Dar es Salaam. Cashew nut farmers in Mtwara, Lindi and Coast regions are in a deep financial stress thanks to delays in payment of their dues by the government, an opposition lawmaker has claimed.
In his Friday press statement, Ndanda Member of Parliament Cecil Mwambe (Chadema) pleaded with President John Magufuli to visit the cashews producing regions, and listen to challenges facing growers.
Farmers, who spoke to The Citizen, augmented the claim alleging that they were yet to be paid their money, saying they were worried they would fail meeting their financial obligations this January.
Hence, they asked President John Magufuli to intervene and help them speed up the process of issuing payments. According to them, only a few farmers, who sold up to 1,500 kilos of cashews, have so far been paid, while those who sold above the amount keep waiting.
Mr Mwambe said it was only by visiting the farmers that President Magufuli would understand better the perils facing the farmers.
In his statement, the lawmaker expressed his suspicions that the President was being misinformed by his aides over the matter.
Mr Mwambe said he was receiving many complaints from cashew nut growers, most of who claim not to have been paid.
“There is excessive use of force by defence and security organs, a situation that is perverse in many areas. However, there happened the most brutal incident in Nachingwea. Leaders of some primary cooperative unions were beaten at the office of DAS (district administrative secretary),” claimed Mr Mwambe in his statement.
He also alleged that the process of paying farmers was being conducted in a secretive and bureaucratic manner, something that created an environment for those tasked with verifying farmers’ cashews to demand bribes.
Another MP from the southern parts of the country, who asked not to be named for fear of reprisals, also expressed similar sentiments towards the cashews handling process. According to him, it was only by meeting the farmers that the President would understand better the challenges facing them.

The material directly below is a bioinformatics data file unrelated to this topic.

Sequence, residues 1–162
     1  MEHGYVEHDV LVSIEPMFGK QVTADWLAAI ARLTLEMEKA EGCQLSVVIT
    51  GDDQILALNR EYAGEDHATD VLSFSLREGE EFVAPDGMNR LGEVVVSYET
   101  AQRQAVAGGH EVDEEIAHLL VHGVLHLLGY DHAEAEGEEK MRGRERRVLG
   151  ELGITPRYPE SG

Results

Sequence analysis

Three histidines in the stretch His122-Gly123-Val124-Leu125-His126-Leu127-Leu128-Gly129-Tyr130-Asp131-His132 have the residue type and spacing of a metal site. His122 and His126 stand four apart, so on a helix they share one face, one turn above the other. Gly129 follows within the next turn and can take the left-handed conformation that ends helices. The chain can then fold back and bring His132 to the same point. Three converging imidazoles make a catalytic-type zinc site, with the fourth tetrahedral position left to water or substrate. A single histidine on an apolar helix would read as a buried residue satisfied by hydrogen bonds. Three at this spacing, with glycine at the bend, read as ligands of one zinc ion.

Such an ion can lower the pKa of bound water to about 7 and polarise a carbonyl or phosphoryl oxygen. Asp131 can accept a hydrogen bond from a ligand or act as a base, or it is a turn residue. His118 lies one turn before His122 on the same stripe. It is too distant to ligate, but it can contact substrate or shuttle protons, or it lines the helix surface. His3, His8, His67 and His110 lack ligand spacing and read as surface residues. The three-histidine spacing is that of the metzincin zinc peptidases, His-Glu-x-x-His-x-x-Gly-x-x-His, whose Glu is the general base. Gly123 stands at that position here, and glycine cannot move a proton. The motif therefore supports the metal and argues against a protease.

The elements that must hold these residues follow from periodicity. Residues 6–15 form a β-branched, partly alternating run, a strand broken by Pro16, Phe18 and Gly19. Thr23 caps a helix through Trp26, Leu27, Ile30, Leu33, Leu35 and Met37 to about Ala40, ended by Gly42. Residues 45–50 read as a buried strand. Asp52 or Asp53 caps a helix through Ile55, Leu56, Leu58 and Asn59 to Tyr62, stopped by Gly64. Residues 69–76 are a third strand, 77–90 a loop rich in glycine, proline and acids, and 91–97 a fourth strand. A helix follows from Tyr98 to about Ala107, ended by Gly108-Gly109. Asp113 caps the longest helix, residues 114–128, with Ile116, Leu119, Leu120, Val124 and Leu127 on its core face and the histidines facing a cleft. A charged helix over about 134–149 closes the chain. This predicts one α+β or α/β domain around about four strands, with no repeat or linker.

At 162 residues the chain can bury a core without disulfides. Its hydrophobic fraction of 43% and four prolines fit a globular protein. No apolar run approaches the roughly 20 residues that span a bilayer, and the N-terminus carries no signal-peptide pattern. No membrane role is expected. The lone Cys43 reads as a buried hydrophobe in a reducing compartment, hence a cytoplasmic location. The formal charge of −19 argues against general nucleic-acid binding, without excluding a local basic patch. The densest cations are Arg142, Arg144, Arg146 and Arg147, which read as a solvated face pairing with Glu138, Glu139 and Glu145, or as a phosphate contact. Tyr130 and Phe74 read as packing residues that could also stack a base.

He warned that the underlying challenges might stall the capacities of local authorities in the regions to deliver on their financial obligations.
This, according to him, was due to the fact that the authorities depended on the crop as the source of their biggest chunk of revenue.
“If these challenges are not sorted out soon, then the farmers will fail to provide their families with basic needs, including paying for their children’s school requirements as schools open on Monday (tomorrow),” said Mr Bakari Natunga, a farmer based at Limaliao Village.
For his part, Newala Rural Member of Parliament Ajali Akibar said he was aware of the farmers’ woes but urged them to stay calm.
“I’m aware that the government has started to pay the farmers. It has started with those who sold less than 1,500 kilos. I think we need to be patient. I believe all will be paid,” he said.
The claims by Mr Mwambe were, however, played down by Agriculture minister Japhet Hasunga.
“The government only pays farmers, who have already been verified. So far, there is no proof of corruption in the entire process. I want to assure all farmers, who have already been verified that they will be paid their dues,” said Mr Hasunga.
Recently, Prime Minister Kassim Majaliwa said the government would hasten the pace of payment of farmers’ dues, while keeping a close eye on those with profiteering motives. He said that with effect from earlier this week the government would start paying Sh12 billion to cashew nut farmers who had sold their produce but were yet to receive the payments.
“Currently, we are spending Sh6 billion on a daily basis to pay farmers. However, starting next week, we will double the amount,” Mr Majaliwa, who doubles as the Member of Parliament for Ruangwa, was quoted as saying by a section of the media.
The goal, he said, was to ensure that farmers got paid their dues and be ready to tackle their New Year financial obligations,.